Incentivising companies rather than taxing them is the best way to encourage development of more sustainable aviation, according to a panel of experts.
In a session discussing the future of aviation, the panel was asked if taxing airlines would have a positive or negative effect development of greener technologies like electric aircraft and renewable fuels.
Neil Cloughley, managing director of Faradair Aerospace, which is developing hybrid electric aircraft, said: “I’m a big fan of incentives. You could incentivise the airlines, operators and airports by telling them we will drop your APD (Air Passenger Duty) if they convert to using green fuel.
“You would ask them to do X, Y and Z and audit them but it gives them a reason to work towards it. You are reducing the tax and incentivising them. Passengers will go with those companies [which adopt green practices] because they support what they are doing.”
Angela Foster-Rice, principal at Aerial Consulting and a former United Airlines managing director of environmental affairs and sustainability, said: “There’s a lot we can do on incentives. There is [currently] no incentives for RND (research and development).”
She called for capital investment and said taxing flying “really depends on what those funds are used for”, adding: “There really hasn’t been a good track record of those funds actually supporting technology developments.”
Chris Lyle, chief executive of consultancy firm Air Transport Economics, said “taxation is coming” but called for it to be ringfenced so it will be used to develop cleaner aircraft.
“Not all [tax] should go into the central treasury,” he said. “It should be hypothecated towards Power-to-Liquid fuels. That way you will get the airlines on your side.”
He said Power-to-Liquid electric fuels (PtLs) is the most viable option for renewable aviation but “will cost a lot of money”.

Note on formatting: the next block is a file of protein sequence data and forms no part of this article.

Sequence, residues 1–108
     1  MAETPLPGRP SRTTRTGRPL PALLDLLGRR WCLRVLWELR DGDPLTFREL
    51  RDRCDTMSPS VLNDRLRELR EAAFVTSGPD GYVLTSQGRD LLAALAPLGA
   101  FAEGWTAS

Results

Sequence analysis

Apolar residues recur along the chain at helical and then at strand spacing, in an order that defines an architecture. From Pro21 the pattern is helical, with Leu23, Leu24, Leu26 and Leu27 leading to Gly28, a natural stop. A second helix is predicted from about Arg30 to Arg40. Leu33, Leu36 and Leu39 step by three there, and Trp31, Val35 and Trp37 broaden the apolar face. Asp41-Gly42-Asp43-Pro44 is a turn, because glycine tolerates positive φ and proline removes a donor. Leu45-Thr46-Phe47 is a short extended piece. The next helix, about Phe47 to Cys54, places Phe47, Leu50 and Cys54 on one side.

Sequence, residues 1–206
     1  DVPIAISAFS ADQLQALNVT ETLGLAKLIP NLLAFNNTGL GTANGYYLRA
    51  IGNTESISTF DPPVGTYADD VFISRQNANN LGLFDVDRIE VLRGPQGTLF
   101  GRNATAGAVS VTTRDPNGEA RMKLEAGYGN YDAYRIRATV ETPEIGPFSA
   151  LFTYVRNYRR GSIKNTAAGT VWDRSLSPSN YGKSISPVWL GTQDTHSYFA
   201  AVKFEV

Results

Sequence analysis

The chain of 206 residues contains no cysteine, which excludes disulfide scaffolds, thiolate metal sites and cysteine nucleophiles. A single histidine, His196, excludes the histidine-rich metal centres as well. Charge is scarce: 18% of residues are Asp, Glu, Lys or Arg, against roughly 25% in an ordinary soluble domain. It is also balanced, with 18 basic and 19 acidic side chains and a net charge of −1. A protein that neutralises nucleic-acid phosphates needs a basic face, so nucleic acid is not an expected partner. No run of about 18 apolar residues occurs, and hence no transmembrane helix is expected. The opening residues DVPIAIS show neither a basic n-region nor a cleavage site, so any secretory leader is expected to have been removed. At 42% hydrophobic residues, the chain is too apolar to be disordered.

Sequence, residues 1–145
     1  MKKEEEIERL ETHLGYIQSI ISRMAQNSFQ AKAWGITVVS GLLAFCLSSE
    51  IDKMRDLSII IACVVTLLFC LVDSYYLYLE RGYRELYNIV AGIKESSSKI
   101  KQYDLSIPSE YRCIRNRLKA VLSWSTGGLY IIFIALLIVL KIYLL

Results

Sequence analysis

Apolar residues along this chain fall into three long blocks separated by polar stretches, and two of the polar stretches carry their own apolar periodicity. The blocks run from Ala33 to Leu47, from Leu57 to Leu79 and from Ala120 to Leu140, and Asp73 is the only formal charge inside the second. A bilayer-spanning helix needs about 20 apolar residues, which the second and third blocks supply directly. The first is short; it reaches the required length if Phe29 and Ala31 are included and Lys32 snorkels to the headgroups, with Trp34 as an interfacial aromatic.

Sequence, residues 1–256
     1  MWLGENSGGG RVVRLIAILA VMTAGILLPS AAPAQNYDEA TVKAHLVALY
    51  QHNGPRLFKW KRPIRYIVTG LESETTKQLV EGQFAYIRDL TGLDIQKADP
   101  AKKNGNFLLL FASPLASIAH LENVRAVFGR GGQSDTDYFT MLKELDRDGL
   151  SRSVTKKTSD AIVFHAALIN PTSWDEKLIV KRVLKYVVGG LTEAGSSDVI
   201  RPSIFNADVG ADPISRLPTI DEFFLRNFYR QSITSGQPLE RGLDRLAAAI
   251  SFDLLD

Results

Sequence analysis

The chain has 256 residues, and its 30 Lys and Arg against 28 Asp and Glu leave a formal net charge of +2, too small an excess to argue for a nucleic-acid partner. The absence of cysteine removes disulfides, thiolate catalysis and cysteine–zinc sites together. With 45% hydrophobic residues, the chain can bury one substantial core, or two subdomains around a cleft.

Peter Castellas, chief executive of Tasman Environmental Markets, which is working with Qantas to improve its sustainability credentials, warned that extra tax could lead to airline failures and potential monopolies that would disincentivise clean aviation.
“It’s really important to understand the economic impact rather than just thinking it’s a top-down solution,” he said.
But Justin Francis, chief executive of Responsible Tourism, said a tax was essential and that projects such as carbon offsetting, biofuels and electric short haul aircraft were well-intentioned but not enough.
He said research suggested it will be 2050 before long-haul aviation can be electrified, and pointed out that the timescale is too late to meet the conditions set out by the Paris Agreement on climate change – and the only way to do so is by cutting overall flight capacity.
Francis said billions needed to be invested in RND before it would have any tangible effects and said tax was the only way to raise the capital required.
He added: “I would like to see a fair tax on aviation and the proceeds of that ploughed back into the industry [to be spent on research and development of cleaner aviation].”
Francis suggested the tax be aimed at flyers and based on how frequently they travel, and cited Department for Transport statistics that show 10% of flights taken by English residents are taken by 1% of the population and that the top 10% of frequent flyers account for more than half of all flights.